Catherine Bracy
Jun 13, 2018 · 3 min read

There’s a new battlefield in the war over housing affordability in California. In November, a statewide initiative to repeal the state’s ban on rent control on new buildings will likely be on the ballot. The bill banning rent control on newly-constructed buildings, known as Costa-Hawkins, was passed in 1995 and is seen by many tenant advocates as a leading reason for California’s displacement crisis. Developers and landlords, on the other hand, see Costa-Hawkins as a necessary facilitator of ongoing housing production. They argue that if more property were covered under rent control, less new housing would get built because there wouldn’t be as much of a financial incentive for investors; lower potential rents over time means less profit. Both sides are staking a lot on the ballot initiative and the outcome of the vote could be a turning point in the housing crisis.

But, despite the effort both sides are investing in this fight, not much would change immediately after the election. A repeal would simply mean that, by removing the barrier that Costa-Hawkins enacted, cities would be free to expand rent control to cover buildings that have been built since 1995 (or earlier in some cities). But doing so would require changing ordinances or enacting new ones. Currently only fifteen cities in the state — accounting for roughly 15% of the state’s rental housing units — have rent control ordinances on the books and very few others would be open to implementing them, even without Costa-Hawkins in place. Repealing Costa-Hawkins is hardly a silver-bullet solution to the displacement crisis.

In our view, neither option on the table — status quo or full-scale repeal of Costa-Hawkins — is a great one. We think there are potential solutions beyond this false binary choice between repeal or status quo that could offer more protections for more California renters while at the same time reducing the risk of disincentivizing new development.

To explore what these solutions might be, we partnered with the Terner Center for Housing Innovation at UC-Berkeley to workshop several possible options. The outcome of that process is outlined on the Terner Center’s blog, including a link to potential policy proposals.

The proposal that we’re most excited about is the anti-gouging cap which would make it illegal for landlords to increase rent more than 5% (though this figure is negotiable) + cost of living each year. The cap would apply to all rental property in the state, whether it falls under rent control or not. This would create a basic level of protection for the other 85% of rental households that don’t currently fall under rent control.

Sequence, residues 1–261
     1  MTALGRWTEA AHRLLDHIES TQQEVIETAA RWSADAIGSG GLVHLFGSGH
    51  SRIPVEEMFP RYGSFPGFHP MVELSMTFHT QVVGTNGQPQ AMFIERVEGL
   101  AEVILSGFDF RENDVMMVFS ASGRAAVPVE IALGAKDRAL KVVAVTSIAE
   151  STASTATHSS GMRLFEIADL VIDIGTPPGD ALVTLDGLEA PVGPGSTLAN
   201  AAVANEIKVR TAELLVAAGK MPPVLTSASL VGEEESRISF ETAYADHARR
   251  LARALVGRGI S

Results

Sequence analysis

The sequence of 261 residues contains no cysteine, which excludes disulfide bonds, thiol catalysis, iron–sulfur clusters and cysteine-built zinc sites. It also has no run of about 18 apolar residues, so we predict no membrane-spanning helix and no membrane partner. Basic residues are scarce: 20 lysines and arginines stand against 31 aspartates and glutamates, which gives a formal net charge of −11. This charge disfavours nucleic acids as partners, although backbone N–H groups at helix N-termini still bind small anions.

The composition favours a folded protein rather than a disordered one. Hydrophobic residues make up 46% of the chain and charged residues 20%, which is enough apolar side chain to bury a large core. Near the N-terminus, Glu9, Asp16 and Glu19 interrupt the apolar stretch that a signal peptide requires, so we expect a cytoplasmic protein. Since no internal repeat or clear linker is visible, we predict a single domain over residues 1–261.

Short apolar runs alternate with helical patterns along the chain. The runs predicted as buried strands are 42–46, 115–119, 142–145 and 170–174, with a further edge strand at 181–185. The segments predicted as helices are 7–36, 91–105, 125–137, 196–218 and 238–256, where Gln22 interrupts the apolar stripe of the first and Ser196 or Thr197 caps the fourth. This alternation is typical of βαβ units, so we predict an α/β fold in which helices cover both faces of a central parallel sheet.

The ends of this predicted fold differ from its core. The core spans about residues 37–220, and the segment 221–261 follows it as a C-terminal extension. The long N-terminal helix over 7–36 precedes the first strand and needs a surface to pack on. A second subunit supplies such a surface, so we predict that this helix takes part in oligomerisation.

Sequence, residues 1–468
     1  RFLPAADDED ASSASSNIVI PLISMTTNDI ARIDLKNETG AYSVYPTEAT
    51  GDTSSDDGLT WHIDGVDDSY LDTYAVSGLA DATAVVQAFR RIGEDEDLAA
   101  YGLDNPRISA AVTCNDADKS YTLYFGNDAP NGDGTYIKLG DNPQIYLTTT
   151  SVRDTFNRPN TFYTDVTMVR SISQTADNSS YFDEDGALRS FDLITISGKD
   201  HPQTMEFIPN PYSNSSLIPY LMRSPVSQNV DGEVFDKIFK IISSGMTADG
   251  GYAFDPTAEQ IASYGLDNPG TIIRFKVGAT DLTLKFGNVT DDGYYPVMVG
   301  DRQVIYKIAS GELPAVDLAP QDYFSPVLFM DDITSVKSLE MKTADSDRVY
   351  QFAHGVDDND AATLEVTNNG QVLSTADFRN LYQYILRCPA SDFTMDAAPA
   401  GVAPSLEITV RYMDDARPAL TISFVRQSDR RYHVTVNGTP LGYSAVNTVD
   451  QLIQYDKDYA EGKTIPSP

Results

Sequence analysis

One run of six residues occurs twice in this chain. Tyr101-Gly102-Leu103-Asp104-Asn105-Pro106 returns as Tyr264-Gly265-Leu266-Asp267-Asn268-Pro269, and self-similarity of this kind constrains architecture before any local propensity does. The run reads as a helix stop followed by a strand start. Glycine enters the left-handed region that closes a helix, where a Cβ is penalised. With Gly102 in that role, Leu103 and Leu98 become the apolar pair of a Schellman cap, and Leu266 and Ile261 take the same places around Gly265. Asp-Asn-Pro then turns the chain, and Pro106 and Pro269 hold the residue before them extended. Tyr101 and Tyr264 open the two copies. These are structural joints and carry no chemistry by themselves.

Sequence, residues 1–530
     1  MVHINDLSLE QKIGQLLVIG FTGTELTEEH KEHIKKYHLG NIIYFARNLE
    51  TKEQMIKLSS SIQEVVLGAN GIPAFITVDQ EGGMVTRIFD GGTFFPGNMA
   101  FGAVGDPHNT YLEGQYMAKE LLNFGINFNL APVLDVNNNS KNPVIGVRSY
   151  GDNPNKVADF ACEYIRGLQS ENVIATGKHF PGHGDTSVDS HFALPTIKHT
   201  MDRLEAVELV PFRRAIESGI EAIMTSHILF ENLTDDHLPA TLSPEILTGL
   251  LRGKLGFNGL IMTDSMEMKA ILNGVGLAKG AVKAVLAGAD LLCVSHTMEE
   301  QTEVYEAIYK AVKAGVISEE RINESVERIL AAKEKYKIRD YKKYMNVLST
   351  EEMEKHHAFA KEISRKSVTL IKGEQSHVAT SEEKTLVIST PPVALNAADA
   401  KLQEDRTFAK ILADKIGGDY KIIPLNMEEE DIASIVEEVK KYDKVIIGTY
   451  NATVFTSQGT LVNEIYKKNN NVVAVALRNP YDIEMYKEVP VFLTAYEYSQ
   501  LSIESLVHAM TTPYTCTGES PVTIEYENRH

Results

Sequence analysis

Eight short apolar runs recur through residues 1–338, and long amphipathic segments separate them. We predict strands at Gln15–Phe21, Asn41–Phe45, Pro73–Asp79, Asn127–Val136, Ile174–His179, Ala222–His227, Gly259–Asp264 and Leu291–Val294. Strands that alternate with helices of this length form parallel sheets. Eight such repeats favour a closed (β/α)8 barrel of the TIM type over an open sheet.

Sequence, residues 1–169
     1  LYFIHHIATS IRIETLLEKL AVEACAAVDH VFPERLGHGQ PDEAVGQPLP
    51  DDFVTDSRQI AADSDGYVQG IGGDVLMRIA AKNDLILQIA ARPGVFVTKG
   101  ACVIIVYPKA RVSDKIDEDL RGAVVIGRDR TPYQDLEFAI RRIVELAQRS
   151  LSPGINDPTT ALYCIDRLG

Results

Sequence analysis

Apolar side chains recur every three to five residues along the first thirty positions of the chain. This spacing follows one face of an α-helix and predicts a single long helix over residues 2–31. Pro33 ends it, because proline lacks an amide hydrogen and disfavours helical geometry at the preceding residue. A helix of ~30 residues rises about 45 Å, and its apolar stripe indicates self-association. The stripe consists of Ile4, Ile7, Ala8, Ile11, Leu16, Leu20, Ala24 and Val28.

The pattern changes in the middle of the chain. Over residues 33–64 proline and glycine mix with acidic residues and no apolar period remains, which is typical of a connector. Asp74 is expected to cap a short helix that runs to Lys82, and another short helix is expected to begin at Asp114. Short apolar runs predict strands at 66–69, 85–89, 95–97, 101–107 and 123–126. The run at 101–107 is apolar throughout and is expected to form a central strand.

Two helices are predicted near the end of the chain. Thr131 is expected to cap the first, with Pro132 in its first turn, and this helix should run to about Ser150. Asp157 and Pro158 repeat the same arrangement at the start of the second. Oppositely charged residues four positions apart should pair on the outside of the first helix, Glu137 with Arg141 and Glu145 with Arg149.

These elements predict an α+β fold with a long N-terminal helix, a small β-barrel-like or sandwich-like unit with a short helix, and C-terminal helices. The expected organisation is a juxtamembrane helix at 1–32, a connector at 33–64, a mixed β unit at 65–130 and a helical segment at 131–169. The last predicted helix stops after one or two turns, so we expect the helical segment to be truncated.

Some may argue that an eight percent annual increase in rent (which is what the Terner Center is proposing for the cap in San Francisco, and amounts to cost of living increase of 3% plus an additional 5%) is still untenable for most renters. They’re right. But there’s reason to believe that the market wouldn’t sustain annual increases of this amount, and having any protections at all is better than having no protections. Think of this as a floor that creates a modicum of predictability and prevents against the most egregious rent increases that have resulted in so much displacement over the last few years. There’s precedent for a rent cap in California’s anti-gouging statute which makes it illegal to raise rent more than 10% in the wake of a natural disaster. The law has been invoked in the North Bay in the time since the 2017 fires.

The other benefit of a rent cap is that it would live independently from rent control — it doesn’t preclude cities from implementing stronger rent control ordinances if they want to, and it won’t override rent control in cities that already have it. Nothing about the anti-gouging rent cap precludes advocates to continue working to institute stricter rent control at the local level.

We’re looking forward to seeing which way the Costa-Hawkins repeal ballot initiative goes this Fall. Either way, we hope to continue to push for this anti-gouging rent cap which will create the conditions so that all renters in California, not just those in the handful of cities with rent control, will be protected from extreme increases in their cost of living. If you’re interested in joining this effort with us, sign up today.

TechEquity Collaborative

The TechEquity Collaborative advocates for a tech-driven economy in the Bay Area that works for everyone. We are a membership-driven organization made up of individuals and companies that share our values.

Catherine Bracy

Written by

Executive Director of the TechEquity Collaborative. Some things I love: civic tech, dogs, and Tottenham Hotspur

TechEquity Collaborative

The TechEquity Collaborative advocates for a tech-driven economy in the Bay Area that works for everyone. We are a membership-driven organization made up of individuals and companies that share our values.

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